Eldad and Medad were reported to Moses. They were prophesying in the camp. Joshua urged Moses, k’la’em (Num. 11:28), “shut them in” – i.e. “put them in prison”.
Another view is that k’la’em means “destroy them” – not physically, but, according to the sages, by calling their bluff: “Give them real responsibility for public affairs, and it will soon wear them out and destroy them”.
Moses was not inclined to be so strict. In his humility he did not regard the two as a threat to his prophetic leadership. His answer was, “Would that all the Lord’s people were prophets, that the Lord would put His spirit upon them!” (verse 29).
Samson Raphael Hirsch reads into Moses’ words the message that there can be no monopoly of spiritual leadership. No particular office or class is automatically entitled to spiritual status. “The lowliest of the nation shares with the highest the opportunity of being granted Divine inspiration”.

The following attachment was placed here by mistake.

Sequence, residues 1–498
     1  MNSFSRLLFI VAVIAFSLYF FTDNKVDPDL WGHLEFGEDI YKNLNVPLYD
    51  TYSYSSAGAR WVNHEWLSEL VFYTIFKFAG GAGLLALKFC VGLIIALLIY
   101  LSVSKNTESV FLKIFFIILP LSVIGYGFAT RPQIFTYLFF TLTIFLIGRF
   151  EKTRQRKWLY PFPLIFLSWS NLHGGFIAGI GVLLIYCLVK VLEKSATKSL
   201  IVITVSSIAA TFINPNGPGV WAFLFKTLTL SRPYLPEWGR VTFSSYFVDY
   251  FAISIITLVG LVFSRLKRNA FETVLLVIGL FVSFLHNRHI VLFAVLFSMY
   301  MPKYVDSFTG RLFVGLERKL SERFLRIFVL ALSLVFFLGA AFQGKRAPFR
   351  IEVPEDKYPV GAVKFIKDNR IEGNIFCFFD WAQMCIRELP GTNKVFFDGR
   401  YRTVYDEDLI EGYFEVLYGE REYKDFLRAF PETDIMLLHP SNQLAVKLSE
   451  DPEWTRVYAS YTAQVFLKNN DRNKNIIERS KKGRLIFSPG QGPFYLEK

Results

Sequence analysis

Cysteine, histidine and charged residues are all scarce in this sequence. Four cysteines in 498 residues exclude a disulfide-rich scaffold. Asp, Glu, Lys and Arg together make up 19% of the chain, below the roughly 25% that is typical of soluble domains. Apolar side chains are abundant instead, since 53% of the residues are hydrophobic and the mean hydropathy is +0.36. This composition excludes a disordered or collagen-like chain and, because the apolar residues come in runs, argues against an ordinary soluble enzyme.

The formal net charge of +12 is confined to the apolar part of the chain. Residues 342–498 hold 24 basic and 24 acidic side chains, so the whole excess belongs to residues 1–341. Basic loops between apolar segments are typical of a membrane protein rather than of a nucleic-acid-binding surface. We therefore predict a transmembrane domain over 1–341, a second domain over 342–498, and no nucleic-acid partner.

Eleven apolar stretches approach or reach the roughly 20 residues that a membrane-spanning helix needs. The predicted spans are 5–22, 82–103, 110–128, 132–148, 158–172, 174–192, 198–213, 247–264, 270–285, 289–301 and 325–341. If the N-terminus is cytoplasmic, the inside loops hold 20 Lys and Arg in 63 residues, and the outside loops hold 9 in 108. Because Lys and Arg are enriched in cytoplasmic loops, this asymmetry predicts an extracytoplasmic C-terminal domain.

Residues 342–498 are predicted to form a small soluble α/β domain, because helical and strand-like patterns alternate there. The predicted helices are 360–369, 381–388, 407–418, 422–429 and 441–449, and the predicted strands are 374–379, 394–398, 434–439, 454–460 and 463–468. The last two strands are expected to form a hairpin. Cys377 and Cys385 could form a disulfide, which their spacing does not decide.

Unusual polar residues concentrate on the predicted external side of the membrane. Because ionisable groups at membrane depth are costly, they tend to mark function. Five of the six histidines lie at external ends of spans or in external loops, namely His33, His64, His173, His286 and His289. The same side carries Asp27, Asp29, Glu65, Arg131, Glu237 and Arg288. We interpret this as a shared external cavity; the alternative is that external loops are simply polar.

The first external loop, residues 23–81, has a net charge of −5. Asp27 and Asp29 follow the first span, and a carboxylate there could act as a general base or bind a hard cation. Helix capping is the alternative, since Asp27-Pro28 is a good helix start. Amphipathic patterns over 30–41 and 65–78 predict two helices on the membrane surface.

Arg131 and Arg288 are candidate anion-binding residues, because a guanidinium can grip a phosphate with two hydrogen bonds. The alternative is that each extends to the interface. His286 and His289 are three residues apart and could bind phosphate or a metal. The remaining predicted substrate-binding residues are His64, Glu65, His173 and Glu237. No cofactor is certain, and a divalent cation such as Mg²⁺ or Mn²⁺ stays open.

Rambam believed that all human beings have the moral and intellectual potential to become prophets, whereas Y’hudah HaLevi regarded prophecy as an expression of Divine grace, but in either case there is no socio-economic factor.
Whether prophecy arises from below or descends from above, it does not depend on rank, lineage or material endowment. It depends on whether the individual is worthy that “the Lord would put His spirit upon them”.